What Is Emotional Intelligence?

Emotional intelligence is the ability to identify and manage your own emotions and the emotions of others. It is generally said to include three skills:

1. Emotional awareness, including the ability to identify your own emotions and those of others;

2. The ability to harness emotions and apply them to tasks like thinking and problems solving;

3. The ability to manage emotions, including the ability to regulate your own emotions, and the ability to cheer up or calm down another person.

Recent posts on Emotional Intelligence

Debate Scorecard for the Presidency: Trust

The selection of our next president is fast approaching. What is the criteria you will use to make that selection? Here's a scorecard to help you really think, consider and decide.

Why I Wish I Could Be a Narcissist

Simply put, life might be easier as a narcissist.

How Well Do You Know Yourself?

By Susan K Perry Ph.D. on September 23, 2016 in Creating in Flow
Psychological tests that are trusted by one generation may be debunked by the next. A selection of tests to learn about and try, just for fun, are found in Psychobook.

Deciding When to Demand Change

By Jeremy E Sherman Ph.D. on September 22, 2016 in Ambigamy
They say, "Stand strong. Don't lower your standards" and "Accept reality. Don't fight it." Just rarely in the same breath. The Serenity Prayer shows how to handle these opposites.

The (Lost) Art of Self-Reflection

If you are tired of the blame game and want to get real answers, consider engaging in a little self-reflection with these nine steps.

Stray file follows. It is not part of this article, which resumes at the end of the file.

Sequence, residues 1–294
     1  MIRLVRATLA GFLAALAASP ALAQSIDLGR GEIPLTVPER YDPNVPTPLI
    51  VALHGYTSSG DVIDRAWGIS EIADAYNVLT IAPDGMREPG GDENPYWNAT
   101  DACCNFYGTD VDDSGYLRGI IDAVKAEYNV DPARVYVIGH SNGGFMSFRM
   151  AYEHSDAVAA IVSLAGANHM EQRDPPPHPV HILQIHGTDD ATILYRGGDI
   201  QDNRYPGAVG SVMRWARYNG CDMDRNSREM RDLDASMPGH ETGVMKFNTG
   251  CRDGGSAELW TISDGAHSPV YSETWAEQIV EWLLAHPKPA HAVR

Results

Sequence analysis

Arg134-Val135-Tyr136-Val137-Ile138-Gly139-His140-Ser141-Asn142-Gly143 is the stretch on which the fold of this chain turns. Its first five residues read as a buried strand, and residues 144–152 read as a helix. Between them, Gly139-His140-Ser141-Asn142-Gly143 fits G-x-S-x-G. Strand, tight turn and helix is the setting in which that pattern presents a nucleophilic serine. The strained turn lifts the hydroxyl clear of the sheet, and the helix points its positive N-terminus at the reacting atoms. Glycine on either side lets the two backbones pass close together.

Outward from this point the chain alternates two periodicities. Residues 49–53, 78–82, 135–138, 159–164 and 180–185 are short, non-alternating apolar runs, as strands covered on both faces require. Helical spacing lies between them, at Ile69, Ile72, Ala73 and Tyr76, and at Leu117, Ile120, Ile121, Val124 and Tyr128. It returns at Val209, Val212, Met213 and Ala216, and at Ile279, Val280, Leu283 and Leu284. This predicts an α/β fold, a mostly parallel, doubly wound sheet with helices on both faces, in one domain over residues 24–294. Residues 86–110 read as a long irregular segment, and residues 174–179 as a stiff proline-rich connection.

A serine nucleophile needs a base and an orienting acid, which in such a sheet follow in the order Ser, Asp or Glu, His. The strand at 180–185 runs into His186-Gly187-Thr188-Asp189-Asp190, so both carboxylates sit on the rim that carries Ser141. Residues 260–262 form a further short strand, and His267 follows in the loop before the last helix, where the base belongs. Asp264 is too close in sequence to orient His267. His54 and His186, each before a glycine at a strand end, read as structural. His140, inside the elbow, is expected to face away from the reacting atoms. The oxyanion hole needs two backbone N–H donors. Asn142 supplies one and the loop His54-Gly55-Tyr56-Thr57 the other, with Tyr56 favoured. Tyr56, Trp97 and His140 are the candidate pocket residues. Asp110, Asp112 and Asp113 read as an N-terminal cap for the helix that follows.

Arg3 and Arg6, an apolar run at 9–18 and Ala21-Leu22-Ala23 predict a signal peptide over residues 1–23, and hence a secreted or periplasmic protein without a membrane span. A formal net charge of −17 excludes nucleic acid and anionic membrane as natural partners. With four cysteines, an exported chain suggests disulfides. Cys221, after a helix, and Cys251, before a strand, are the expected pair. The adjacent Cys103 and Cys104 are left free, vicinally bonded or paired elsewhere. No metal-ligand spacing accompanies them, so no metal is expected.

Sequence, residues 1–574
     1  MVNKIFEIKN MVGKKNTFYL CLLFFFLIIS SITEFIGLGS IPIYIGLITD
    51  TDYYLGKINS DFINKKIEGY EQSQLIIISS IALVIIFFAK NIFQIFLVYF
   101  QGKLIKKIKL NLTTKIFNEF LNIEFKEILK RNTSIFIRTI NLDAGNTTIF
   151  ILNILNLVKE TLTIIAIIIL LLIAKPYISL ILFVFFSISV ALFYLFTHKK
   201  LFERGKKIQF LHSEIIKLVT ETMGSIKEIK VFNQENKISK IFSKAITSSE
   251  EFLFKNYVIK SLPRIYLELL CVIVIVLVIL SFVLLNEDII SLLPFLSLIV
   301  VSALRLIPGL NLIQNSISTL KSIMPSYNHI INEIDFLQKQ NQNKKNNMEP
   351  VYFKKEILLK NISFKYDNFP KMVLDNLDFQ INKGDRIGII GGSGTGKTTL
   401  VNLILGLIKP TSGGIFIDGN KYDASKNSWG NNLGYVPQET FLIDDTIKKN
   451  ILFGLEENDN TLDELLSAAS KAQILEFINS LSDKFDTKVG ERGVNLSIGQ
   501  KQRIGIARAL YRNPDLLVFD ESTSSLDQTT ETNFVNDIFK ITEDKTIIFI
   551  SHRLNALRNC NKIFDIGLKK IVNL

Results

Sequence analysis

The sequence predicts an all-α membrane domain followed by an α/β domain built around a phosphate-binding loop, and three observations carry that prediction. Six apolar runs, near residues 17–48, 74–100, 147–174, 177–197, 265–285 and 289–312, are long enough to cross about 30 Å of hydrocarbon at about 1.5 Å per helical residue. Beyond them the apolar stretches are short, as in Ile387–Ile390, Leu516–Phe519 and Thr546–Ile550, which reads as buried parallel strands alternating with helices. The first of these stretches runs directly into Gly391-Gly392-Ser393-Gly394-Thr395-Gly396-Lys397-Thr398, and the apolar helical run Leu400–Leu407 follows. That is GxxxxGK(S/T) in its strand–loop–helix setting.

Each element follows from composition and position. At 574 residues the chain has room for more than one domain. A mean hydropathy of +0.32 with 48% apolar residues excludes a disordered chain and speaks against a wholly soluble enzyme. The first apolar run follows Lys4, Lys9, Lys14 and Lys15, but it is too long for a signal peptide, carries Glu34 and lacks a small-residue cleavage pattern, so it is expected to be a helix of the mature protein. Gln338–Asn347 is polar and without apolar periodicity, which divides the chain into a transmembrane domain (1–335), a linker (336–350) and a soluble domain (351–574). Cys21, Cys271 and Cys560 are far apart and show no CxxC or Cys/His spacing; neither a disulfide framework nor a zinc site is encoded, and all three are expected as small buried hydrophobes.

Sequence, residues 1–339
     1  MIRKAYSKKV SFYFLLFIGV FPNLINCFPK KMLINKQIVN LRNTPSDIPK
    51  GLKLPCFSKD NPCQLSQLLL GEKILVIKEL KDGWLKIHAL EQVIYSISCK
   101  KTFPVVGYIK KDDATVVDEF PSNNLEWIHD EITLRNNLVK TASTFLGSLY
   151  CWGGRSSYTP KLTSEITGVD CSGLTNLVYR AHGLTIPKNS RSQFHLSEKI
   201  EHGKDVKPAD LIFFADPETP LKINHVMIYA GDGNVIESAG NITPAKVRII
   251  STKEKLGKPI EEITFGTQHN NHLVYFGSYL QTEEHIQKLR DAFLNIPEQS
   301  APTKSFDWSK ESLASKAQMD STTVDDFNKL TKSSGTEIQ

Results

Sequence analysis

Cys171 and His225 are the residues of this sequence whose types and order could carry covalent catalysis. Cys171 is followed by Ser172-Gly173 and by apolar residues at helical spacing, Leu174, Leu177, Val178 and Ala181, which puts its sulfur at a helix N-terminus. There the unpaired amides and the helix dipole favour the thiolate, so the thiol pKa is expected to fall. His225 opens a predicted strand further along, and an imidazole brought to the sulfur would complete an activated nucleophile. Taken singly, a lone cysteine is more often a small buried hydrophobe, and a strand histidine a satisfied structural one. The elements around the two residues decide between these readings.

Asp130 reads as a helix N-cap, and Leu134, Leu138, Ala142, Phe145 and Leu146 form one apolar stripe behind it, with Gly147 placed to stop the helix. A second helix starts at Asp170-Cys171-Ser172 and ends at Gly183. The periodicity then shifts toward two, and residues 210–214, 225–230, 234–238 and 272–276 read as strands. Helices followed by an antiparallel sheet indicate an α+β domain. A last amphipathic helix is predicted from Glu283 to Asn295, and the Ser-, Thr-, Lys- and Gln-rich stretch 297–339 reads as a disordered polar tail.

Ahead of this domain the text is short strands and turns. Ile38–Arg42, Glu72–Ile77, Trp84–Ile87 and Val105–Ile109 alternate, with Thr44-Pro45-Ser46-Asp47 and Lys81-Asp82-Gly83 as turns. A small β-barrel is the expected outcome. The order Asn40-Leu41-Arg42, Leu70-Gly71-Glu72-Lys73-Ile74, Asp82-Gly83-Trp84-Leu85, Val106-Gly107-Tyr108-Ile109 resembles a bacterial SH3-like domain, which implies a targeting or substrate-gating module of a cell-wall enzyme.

When You’re of Two Minds, Admit It

By Jeremy E Sherman Ph.D. on September 21, 2016 in Ambigamy
Is integrity being consistent or is it being honest about your inconsistency? It's both and the latter matters more.

What Does It Take to Be Happy?

By David Ludden Ph.D. on September 21, 2016 in Talking Apes
For ages, philosophers have debated the meaning of happiness. Now, the science of happiness tells us how to achieve it.

On Being Truly in Play

By Bernard L. De Koven on September 19, 2016 in On Having Fun
Why do we play?

Conquer Public Speaking Anxiety Via Emotional Intelligence

By Gleb Tsipursky Ph.D. on September 17, 2016 in Intentional Insights
A few tips will go a long way to addressing any anxiety around public speaking

6 Things Predators Know About You

By Katherine Ramsland Ph.D. on September 16, 2016 in Shadow Boxing
Basic principles of social influence and persuasion are effective tools for predators.

"Moonshadow" Offers Many Clues for Letting Go of Entitlement

By Christopher Bergland on September 16, 2016 in The Athlete's Way
A new study pinpoints how a sense of entitlement leads to malcontent, distress, and anger. What can we do to break the cycle of entitlement? Pop music and poetry offer some clues.

How One Pilot Calmed His Passengers With Just a Few Words

By Meg Selig on September 14, 2016 in Changepower
This pilot used 4 simple communication skills to soothe the minds of his passengers. While not a "Miracle on the Hudson," he made life better for a planeload of people.

Listen To Your Heart

By Gaby Pfeifer, Ph.D. on September 14, 2016 in Mind Growth
Our ability to listen to internal bodily signals, such as our heartbeat, is known as interoception. How does interoception contribute to our emotional experiences?